Thursday, March 23, 2006

Bird Flu: The Gaza Petri Dish - Mar 23

Here is a really interesting angle on the H5N1 virus that has not been discussed before. I mean the Gaza Strip in Israel of all places! The conspiracy buffs will have a field day, no doubt about that. "Blame the Jews!" will be the cry, and the ignorance and foolishness of this world, especially in Muslim countries, will be fully out in the open.

The Man in Black

Stratfor -- Predictive, Insightful, Global Intelligence

Bird Flu: The Gaza Petri Dish
Mar 23, 2006


Bird flu has arrived in the Gaza Strip. While it is impossible to know whether or how the virus is going to mutate, it has a much better chance of becoming dangerous in Gaza.


Acting Palestinian National Authority Health Minister Gassan Khatib announced March 22 that the H5N1 strain of bird flu had been discovered in the Netzarim region of the Gaza Strip. In days prior the virus had already been discovered in both the West Bank and Israel proper.

The threat from bird flu is multifaceted. At present the disease is only a broad threat to animals; among birds it is roughly as communicable as the human flu. It thankfully does not pass readily from birds to humans, but more importantly it so far has lacked the ability to jump at all from one human to another.

H5N1 affects different regions in different ways. In Europe, the threat is almost exclusively agricultural. It has been a long time since the average European has lived with a chicken. Because human-animal contact is so thin it should be no surprise that there has yet to be a single human bird-flu case anywhere in Europe. In contrast, human-animal contact in Vietnam is so omnipresent that roughly half of all human H5N1 cases have been in that Southeast Asian state.

In its current form, therefore, H5N1 is at worst a negligible human threat, and even then only among populations who find themselves regularly, intimately and unavoidably in the company of birds: farmers on small chicken farms. That hardly means that H5N1 is insignificant. In order to contain any outbreaks, a single case typically results in the culling of every chicken on the farm. In Vietnam's subsistence and family farming, that means killing just a few birds, but in the factory farms of Europe and the former Soviet Union, it means slaughtering tens of thousands.

The question on health experts' minds, of course, is: What if the virus mutates beyond its current relatively innocuous form? Comparisons to the 1918 Spanish flu epidemic are often made, and various authorities on the issue have postulated doomsday scenarios that range up to the infection of half of the U.S. population.

The summation of all these opinions, however, is that no one really knows what the virus will do. If the virus is going to mutate, the virus is going to mutate in a way that serves the virus' interests. For most pathogens, the route to maximum propagation more often than not involves becoming less lethal as they become more communicable, since becoming more lethal wipes out the host population.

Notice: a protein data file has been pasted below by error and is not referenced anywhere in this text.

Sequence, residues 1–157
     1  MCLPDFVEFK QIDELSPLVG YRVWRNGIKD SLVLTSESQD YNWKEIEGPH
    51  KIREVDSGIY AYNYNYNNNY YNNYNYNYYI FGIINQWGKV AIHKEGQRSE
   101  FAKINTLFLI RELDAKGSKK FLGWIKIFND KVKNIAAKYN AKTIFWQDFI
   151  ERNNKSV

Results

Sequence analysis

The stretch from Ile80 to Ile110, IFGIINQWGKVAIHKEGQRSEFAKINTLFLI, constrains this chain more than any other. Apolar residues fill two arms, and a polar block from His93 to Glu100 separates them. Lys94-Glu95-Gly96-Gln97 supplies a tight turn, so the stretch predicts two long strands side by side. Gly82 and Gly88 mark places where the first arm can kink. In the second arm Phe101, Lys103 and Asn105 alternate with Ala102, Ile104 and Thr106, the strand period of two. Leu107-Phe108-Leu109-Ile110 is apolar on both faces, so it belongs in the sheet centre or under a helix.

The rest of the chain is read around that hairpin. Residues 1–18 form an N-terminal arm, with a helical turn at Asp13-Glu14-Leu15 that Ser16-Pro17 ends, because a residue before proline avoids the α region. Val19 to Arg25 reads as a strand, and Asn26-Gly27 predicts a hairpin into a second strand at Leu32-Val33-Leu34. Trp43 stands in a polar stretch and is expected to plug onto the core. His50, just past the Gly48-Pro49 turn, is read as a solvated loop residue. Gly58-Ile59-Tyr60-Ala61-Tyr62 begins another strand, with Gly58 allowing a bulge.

But there is, of course, no way to reliably guarantee or predict such a scenario. Thus, most efforts have focused upon limiting the opportunities for the virus to mutate. That means limiting human-animal contact, and vigorously treating with antivirals and quarantining anyone who does become infected.

Which brings us back to the Gaza Strip, the most significant locale to date to catch the spreading bird flu. It is not significant because of population, economic vulnerability or whatnot, but because of what the territory means for the virus' chances of mutation.

In Asia, humans come into regular close contact with their birds, so they are susceptible to catching H5N1. But since Asians have the option of not living in close quarters or of moving a modicum of distance away from the fowl they can take simple measures to minimize their risk. Before such steps became common knowledge in Vietnam, new cases were springing up constantly. Since July 2005 there have only been six new cases, and none since New Years Day.

Gaza, however, is for all practical purposes a cramped refugee camp with a population density of about 10,000 per square mile -- nearly four times denser than packed-to-the-gills Bangladesh. In Gaza people live in close quarters with each other and their animals out of both circumstance and necessity -- and unlike everywhere else that H5N1 has been found there are neither options nor funding for changing things very much. In short, it is the perfect place for H5N1 to practice mutating into forms that are greater threats to human health.

Now as before, there is no way to know precisely what the virus is going to do next, but if H5N1 is going to mutate into a form that is going to cause problems for the human race, it is more likely to do so in a place like Gaza.

Copyright 2006 Strategic Forecasting Inc. All rights reserved.

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